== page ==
Ates, who has been thinking radical since his childhood, wanted to get involved in radical politics in Belgium. He shared the views of Turkish socialists such as Ibrahim Kaypakkaya and Deniz Gezmis (despite not knowing them). He became a member of the Belgian Socialist Party. Now he is in Turkey but still works for the Belgian Socialist Party. He thinks that the Turkish left and European left are different, particularly the European left which has a liberal structure.
"I used to host artists coming from Turkey. One of them was Mahsuni Serif, who recently died. My many friends like actor Ilyas Salman, theater artist Genco Erkal and journalist Zeynep Oral used to come to my restaurant. I used to like hosting my artist friends in my restaurant. I had a cook from Turkey's Hatay district. We introduced Turkish cuisine to Belgians," he says. Ates, who has managed this place where he hosted his friends for 6-7 years, received a plaque from the Turkish Ambassador to Belgium Yildirim Keskin in 1993 (or 1994) due to his contributions to the promotion of Turkey and Turkish cuisine.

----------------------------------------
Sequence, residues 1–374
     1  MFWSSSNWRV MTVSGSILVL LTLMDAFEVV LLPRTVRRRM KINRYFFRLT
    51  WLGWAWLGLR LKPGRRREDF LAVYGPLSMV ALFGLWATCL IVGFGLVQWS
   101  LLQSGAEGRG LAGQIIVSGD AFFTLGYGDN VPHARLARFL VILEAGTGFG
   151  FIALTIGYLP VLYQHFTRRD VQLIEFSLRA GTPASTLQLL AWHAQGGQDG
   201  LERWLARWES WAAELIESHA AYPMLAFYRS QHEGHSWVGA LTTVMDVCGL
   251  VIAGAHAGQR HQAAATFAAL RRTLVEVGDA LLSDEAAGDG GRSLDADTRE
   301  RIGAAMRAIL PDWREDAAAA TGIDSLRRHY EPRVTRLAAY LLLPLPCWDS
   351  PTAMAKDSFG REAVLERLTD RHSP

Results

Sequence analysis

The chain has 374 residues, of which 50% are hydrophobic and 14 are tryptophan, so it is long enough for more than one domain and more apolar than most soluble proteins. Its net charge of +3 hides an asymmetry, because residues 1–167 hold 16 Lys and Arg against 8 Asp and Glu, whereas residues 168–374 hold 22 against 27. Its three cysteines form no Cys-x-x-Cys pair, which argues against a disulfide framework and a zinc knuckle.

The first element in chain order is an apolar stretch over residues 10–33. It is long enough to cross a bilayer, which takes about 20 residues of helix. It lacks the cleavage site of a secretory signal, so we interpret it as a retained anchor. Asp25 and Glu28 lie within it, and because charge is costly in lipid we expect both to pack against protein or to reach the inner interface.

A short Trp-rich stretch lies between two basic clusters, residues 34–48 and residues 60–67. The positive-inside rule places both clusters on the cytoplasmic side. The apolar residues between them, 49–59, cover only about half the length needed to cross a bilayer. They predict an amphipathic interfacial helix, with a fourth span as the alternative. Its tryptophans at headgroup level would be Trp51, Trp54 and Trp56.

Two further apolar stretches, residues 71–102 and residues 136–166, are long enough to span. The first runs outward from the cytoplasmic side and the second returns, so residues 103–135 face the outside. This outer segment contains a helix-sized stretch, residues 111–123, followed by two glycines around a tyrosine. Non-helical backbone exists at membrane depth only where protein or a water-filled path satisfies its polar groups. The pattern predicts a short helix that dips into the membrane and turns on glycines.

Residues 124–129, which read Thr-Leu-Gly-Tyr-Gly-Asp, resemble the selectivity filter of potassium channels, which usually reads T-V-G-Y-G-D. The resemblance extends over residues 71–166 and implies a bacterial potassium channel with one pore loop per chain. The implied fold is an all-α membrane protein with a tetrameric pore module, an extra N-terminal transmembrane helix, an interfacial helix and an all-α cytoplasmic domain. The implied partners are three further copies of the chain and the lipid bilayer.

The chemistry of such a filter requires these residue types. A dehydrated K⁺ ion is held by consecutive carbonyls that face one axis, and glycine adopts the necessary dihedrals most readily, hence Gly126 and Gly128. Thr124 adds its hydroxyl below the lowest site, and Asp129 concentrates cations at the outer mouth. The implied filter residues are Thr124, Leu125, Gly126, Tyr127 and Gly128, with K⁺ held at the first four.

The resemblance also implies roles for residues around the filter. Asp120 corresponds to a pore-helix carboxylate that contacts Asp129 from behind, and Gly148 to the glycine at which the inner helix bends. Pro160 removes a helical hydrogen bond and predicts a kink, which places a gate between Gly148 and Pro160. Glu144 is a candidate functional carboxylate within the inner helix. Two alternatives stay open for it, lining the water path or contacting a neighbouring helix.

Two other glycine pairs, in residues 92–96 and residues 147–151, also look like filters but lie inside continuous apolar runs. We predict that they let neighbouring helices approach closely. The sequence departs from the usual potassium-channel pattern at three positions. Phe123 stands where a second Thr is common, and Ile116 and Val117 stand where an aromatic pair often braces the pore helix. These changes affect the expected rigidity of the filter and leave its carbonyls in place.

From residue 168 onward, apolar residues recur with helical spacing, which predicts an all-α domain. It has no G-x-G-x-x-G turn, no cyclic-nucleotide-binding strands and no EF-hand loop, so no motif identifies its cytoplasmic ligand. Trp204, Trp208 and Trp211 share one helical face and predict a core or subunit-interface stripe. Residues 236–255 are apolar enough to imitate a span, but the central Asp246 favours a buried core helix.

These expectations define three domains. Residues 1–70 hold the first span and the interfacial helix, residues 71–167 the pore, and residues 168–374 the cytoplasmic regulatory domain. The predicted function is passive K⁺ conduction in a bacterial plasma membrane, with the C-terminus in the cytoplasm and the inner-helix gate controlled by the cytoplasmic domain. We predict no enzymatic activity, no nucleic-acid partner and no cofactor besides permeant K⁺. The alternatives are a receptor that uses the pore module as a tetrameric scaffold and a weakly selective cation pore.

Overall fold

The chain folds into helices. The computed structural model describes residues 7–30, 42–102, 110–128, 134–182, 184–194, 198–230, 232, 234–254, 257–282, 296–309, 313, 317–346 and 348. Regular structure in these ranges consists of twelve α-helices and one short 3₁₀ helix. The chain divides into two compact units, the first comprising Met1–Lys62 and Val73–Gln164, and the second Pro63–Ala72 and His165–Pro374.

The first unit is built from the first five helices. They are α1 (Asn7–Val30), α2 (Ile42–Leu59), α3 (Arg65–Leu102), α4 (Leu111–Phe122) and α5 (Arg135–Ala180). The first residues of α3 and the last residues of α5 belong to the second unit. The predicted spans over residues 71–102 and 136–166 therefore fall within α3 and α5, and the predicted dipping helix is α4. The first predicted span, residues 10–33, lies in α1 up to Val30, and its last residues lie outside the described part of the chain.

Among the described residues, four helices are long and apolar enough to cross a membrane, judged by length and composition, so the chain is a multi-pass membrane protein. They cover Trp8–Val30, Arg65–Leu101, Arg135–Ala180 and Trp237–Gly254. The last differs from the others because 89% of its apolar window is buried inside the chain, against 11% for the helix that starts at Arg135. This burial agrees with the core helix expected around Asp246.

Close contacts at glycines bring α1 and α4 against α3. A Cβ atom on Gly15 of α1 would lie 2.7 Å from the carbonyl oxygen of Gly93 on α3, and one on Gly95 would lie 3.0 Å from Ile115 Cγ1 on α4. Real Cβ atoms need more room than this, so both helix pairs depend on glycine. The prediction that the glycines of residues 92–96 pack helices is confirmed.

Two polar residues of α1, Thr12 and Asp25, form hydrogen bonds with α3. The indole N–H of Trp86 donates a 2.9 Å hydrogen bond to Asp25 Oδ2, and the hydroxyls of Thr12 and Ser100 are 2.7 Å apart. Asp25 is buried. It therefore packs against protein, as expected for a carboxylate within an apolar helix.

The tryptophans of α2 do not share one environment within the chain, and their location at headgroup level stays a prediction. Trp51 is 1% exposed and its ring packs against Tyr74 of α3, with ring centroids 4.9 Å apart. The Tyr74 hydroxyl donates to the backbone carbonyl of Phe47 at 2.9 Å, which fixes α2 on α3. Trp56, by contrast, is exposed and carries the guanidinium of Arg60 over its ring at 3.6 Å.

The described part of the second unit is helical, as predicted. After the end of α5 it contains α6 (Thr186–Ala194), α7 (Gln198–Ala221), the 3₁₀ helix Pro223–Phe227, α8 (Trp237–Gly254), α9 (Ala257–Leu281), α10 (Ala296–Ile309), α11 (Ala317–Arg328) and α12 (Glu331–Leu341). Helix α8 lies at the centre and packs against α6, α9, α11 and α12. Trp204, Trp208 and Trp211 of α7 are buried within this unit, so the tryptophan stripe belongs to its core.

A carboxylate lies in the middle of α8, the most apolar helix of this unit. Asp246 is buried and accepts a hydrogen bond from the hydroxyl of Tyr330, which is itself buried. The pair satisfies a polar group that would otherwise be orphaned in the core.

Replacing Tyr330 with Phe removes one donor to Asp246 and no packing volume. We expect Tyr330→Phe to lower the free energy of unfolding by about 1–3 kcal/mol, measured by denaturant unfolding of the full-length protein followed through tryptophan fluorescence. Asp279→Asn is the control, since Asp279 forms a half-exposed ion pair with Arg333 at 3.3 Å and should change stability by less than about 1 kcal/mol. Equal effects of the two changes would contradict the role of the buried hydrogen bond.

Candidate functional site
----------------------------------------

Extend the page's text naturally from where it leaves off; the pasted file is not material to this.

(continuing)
He is one person who can say to themselves "Come on, use your freedom, mind and knowledge for happiness of the people in your own country." Turkish industrialist and businessman Ishak Alaton was effective in his thoughts. At the same time, the Social Democrat People's Party (SHP) Chairman Murat Karayalcin and Deputy Secretary General Yasar Seyman were also effective.
"I have been living abroad for 22 years. We have friends; Fatma Pehlivan and Meryem Kacar who are working in the Belgian parliament. Cem Ozdemir and Ozan Ceyhun working in the German parliament. Nebahat Albayrak and Fadime Ozgun are in the Dutch parliament. They preferred to become citizens of these countries and make politics there. I don't know what's the reason but I love my country. I cannot abandon this country. It has problems. Sometimes we come together with politicians or businessmen and talk. Ishak Alaton, whom I love very much and democrat, used to say 'Many things will change if 50 percent of those, who make politics in Europe, go to Turkey.' Now we are here. I hope we will contribute to this country."
Ates is a person who doesn't want to stand behind life but live it. How does such a person make politics? Naturally, he wants to make politics as much as he wants. When he takes a role on the political stage, he wants to fulfill all the requirements of it.
Ates knows that he doesn't owe anyone in politics. His eyes are not closed in his political life. In politics, he wants to share what he sees. He wants to keep in the background of the party. He says, "I am not very sure of myself in anything for which I didn't work. Working in the background makes me very happy. My goal in politics was not district chairmanship."